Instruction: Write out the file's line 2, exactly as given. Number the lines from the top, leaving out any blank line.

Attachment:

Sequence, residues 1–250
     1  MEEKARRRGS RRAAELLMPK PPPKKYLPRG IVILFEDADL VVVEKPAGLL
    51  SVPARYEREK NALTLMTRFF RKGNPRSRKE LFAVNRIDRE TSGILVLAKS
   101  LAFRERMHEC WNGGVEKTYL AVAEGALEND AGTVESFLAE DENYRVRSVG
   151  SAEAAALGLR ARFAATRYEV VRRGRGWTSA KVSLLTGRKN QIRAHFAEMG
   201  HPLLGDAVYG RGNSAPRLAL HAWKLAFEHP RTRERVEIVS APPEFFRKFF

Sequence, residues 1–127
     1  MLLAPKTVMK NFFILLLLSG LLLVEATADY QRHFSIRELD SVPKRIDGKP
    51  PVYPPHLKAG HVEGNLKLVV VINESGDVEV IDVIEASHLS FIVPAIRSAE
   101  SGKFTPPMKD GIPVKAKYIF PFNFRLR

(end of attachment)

     1  MEEKARRRGS RRAAELLMPK PPPKKYLPRG IVILFEDADL VVVEKPAGLL